On appeal from Superior Court of New Jersey, Law Division, Essex County, Docket No. 2006-053.
NOT FOR PUBLICATION WITHOUT THE APPROVAL OF THE APPELLATE DIVISION
Argued: September 24, 2008
Before Judges Parrillo, Lihotz and Messano.
Defendant, Randall Thulin, appeals his conviction for refusal to submit to a Breathalyzer test, after a trial de novo in Superior Court. R. 3:23-8(a). Following a single vehicle accident, the State police issued six municipal court summonses to defendant. One summons (no. 232006) described the offense as "refusal to submit to blood" and cited N.J.S.A. 39:4-50.2. No separate summons was issued for refusal to submit to a Breathalyzer test. The Law Division concluded defendant was guilty of violating N.J.S.A. 39:4-50.4a. The court relied on the State Trooper's testimony that he read the "New Jersey Motor Vehicle Commission Standard Statement for Operators of a Motor Vehicle" to defendant as required by N.J.S.A. 39:4-50.2(e). The statement is commonly referred to as "paragraph 36."
On appeal, defendant's single argument is:
THE IMPLIED CONSENT STATUTE DOES NOT PROVIDE A PENALTY FOR REFUSAL TO SUBMIT TO A BLOOD TEST.
Defendant does not argue the evidence was insufficient to support the Law Division's finding that he refused to submit to a chemical breath test, but rather argues the charge, as issued, was not sustainable. Defendant asserts his conviction must be reversed because the failure to accurately state the charge he must defend against violates due process. We agree and reverse.
On June 12, 2004, defendant suffered injuries when the vehicle he was operating veered off the ramp for westbound Route 78 and struck the concrete barrier in three places. State Trooper Brian Green responded to the scene twenty-five minutes following the accident. When Trooper Green arrived, he observed the Newark Fire Department had cut defendant from his vehicle and defendant was being treated in an ambulance by the Newark First Aid Squad (FAS).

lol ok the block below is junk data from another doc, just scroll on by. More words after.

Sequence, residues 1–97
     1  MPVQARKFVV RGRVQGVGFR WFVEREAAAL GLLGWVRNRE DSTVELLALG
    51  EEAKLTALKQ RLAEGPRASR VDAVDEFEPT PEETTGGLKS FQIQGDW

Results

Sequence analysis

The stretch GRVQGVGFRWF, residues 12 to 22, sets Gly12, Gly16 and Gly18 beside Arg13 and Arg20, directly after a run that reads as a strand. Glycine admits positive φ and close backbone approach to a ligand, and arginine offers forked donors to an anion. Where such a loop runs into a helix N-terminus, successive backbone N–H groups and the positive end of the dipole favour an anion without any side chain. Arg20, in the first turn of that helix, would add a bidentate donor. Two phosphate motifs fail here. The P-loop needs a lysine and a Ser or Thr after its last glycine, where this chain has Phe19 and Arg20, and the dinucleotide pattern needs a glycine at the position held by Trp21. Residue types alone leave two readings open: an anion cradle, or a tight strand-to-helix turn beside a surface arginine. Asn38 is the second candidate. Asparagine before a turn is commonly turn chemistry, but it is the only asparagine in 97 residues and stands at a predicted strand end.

Trooper Green described defendant, noting his eyes were red and watery, his movements were slow, and "he had a strong [odor] of alcoholic beverage on his breath." In response to Trooper Green's question, defendant acknowledged he had just left a friend's house and admitted he consumed one beer. Three empty beer containers were visible on the passenger-side floor of defendant's vehicle.
The FAS transported defendant to Beth Israel Hospital, where he was treated for his injuries. Trooper Green followed the FAS vehicle. While at the hospital, Trooper Green read defendant his Miranda*fn1 rights.
Trooper Green also read to defendant paragraph 36. This refers to a lengthy statement describing a defendant's obligation to submit to a chemical breath test for the purpose of determining blood alcohol content. Following the taking of a chemical breath test, paragraph 36 explains a defendant has a right to "conduct independent chemical tests of [his] breath, urine or blood . . . ." N.J.S.A. 39:4-50.2(c). Additionally, the form states that if a motor vehicle operator "refuses to provide samples of breath for the purpose of conducting chemical tests to determine the content of alcohol in his or her blood, he or she will be issued a separate summons charging a violation of N.J.S.A. 39:4-50.2." State v. White, 253 N.J. Super. 490, 497 (Law Div. 1991). Trooper Green reported defendant refused. He then sought defendant's consent to submit to a blood test. Defendant declined.
Trooper Green issued six Uniform Traffic Tickets, charging defendant with reckless driving, N.J.S.A. 39:4-96, failure to maintain a traffic lane, N.J.S.A. 39:4-88, failure to wear a seatbelt, N.J.S.A. 39:3-76.2(f), consuming an alcoholic beverage while operating a motor vehicle, N.J.S.A. 39:4-51a(a); driving while intoxicated, N.J.S.A. 29:4-50; and the final, which read "refusal to submit to blood," and cited N.J.S.A. 39:4-50.2.
At trial, much of Trooper Green's testimony on cross-examination, redirect and re-cross centered on whether he asked defendant to submit to a Breathalyzer or a blood test. Suffice it to say, the overall testimony was equivocal. Trooper Green did not ask defendant to submit to a Breathalyzer but ...